The one saving grace is that our friend's husband was able to rebuild his life, and he and his son are doing wonderfully. It was a long, difficult road, but they made it. I pray that Amanda's husband will also. I simply can't imagine his pain right now.

kanye said...

I don't know you, Chez, but I'd still grieve. It's not strange. It's human.

Nicole said...

Just when I managed to pull it back together, you broke me again.

That's really beautiful, Chez. Although Adrian just has me sobbing my eyes out.

Izar Talon said...

Wow. I'd never heard of her before, but reading about her now, reading some of the things she wrote, knowing that she was just a year older than me, I feel a great sense of loss.

Hell, reading her echo my thoughts about the new Wolverine movie, and about her comic book fandom, it saddens me that I'll now never get to know this wonderful person who sounds like she and I could have been good friends.

I'm going to go read more of her writing now so that I can do my small part to keep a piece of her alive... if not in love, at least in memory.


That was a wonderful quote from the Crow, Chez. And I get the feeling she would have appreciated it.

RottweilerTOM said...

God damn WRONG!! May we find a cure for Leukemia and find it fast. I am sure through stem cell research we will someday see the light.

Anonymous said...

Goodbye, 'Bama! I know if it had been me, I would have curled up in a corner, rocking back and forth and saying why me, why me?. Grace and courage, absolutely. She will be missed.

Chez said...

To the person who submitted the incredibly cruel negative comment about Amanda: First of all, did you really think I was going to publish it and let you spew your crap all over the place? Second, whatever she said about you, you obviously goddamn well deserved it; I only wish you'd been kind enough to attach your name to your comment (instead of going with the usual cowardly "Anonymous" route) so that I could've picked up where she left off and verbally kicked the living shit out of you.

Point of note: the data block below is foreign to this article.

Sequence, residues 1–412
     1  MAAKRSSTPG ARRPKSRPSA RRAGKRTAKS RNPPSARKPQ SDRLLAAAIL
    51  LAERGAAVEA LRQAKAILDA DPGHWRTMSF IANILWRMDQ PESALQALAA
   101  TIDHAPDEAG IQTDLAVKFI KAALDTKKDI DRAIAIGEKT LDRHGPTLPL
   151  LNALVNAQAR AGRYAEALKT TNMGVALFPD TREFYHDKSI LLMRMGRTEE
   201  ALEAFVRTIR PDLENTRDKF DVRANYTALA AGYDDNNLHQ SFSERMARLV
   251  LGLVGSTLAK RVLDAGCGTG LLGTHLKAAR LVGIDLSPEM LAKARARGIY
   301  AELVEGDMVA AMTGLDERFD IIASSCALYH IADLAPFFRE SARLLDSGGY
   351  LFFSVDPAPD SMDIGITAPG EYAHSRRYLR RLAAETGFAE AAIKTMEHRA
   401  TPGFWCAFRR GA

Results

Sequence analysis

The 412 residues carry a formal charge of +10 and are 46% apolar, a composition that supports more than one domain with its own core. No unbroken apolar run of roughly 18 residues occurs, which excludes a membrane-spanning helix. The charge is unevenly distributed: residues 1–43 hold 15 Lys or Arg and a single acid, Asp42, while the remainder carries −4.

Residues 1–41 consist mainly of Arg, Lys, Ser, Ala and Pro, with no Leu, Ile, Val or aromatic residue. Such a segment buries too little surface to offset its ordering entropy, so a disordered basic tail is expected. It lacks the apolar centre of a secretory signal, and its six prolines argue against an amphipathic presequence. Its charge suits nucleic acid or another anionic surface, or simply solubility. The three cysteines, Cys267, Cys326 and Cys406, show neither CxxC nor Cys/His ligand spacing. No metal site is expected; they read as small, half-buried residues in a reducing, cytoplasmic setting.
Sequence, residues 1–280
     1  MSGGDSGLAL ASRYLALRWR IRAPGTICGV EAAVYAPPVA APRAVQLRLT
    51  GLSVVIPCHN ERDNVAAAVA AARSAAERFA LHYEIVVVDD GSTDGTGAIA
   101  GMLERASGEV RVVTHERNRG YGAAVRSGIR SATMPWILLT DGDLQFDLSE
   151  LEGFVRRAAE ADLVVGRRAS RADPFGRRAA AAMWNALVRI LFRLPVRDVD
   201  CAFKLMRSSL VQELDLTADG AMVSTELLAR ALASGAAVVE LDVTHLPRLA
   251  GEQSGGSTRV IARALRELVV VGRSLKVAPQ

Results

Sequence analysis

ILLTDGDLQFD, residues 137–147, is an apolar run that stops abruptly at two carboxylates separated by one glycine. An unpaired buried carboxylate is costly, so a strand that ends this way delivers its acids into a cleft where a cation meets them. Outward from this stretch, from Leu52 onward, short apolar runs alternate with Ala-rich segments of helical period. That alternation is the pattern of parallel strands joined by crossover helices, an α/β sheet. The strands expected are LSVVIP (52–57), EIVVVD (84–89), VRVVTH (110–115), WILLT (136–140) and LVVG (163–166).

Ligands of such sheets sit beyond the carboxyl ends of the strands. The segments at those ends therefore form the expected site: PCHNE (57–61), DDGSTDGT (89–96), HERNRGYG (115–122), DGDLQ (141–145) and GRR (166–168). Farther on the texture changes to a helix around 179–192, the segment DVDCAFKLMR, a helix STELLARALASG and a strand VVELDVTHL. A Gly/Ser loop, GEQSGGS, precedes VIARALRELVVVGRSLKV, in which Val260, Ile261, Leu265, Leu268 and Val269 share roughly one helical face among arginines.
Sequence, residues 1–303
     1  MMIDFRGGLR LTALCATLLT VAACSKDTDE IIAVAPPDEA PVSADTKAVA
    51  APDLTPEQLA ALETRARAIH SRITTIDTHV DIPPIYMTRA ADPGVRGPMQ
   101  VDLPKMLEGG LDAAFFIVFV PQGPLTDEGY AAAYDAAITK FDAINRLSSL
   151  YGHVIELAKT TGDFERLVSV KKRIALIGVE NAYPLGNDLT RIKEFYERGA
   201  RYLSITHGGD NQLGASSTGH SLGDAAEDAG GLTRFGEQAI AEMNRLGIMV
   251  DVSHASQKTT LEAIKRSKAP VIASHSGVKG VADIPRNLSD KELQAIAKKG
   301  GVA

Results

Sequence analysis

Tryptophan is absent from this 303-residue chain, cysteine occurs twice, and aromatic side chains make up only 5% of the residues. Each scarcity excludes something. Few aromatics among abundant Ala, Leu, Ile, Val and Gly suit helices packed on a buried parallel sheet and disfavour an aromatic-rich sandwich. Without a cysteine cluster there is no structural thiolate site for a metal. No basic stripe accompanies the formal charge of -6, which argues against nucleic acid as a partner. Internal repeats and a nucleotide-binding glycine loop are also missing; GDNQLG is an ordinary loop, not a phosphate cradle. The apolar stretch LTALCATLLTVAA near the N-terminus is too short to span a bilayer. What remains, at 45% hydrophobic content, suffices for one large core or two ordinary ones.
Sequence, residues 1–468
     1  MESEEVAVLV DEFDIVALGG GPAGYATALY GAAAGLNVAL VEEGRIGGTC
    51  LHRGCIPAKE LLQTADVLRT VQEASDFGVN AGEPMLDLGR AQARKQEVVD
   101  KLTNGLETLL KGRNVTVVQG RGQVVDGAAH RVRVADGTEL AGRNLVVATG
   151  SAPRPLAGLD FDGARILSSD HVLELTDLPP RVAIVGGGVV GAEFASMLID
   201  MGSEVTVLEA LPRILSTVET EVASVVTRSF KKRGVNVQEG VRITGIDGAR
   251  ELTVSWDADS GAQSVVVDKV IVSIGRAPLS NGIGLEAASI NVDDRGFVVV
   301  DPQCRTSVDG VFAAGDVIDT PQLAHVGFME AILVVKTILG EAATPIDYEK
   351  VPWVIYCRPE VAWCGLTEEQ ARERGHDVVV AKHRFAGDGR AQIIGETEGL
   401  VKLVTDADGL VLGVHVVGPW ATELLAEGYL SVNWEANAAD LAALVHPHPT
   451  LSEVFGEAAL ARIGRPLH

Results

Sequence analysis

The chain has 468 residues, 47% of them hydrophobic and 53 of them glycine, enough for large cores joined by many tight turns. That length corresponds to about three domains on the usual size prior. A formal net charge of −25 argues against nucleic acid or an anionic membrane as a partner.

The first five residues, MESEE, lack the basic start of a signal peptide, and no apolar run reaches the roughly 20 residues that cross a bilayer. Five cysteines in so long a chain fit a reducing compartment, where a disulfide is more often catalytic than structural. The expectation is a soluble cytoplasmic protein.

Che Grovera said...

By the time I discovered Pajiba, Amanda was already doing battle with the cancer that would take her life. It was clear from the outset that the community there held her in high regard -- justifiably so, from what I subsequently saw in her postings there (and elsewhere). Her spirit was admirable.

Yet I'm more than a little confused by the reference to "injustice" (at which "the universe doesn't lash out") in your elegy, Chez. I think I understand the entirely human impulse behind the reaction...but when is death ever "just"? I'm one of those simpletons who likes to believe that the spirit transcends the flesh; that suffering defines life; that knowing the unknowable -- that knowledge itself -- can't make us better. Death is. We don't get to choose...well, unless we choose to opt out ourselves, but that's a different discussion.

Cancer may yet be stalking me. I changed my father's diaper the day he died from liver cancer; although he couldn't speak at that point, I know he hated the indignity of it all. My mother has beaten back breast cancer twice now; I've held her hand while the IV dripped poison into her veins. Those aren't the best of odds. Hell, I've lived my life in such a way that I'm certain there are people out there (hi, ex-wives!) who are rooting for the cancer. Whatever my fate, I hope I'm able to face it with the calculated indifference of Alabama Pink/Amanda Amos. I know I'm better for having been touched by her.

J. Dack said...

I don't know what kind of sick fuck would tarnish a memorial post with hateful bullshit but whoever it was, Manda was a thousand times better person than you and I hope you get bone cancer.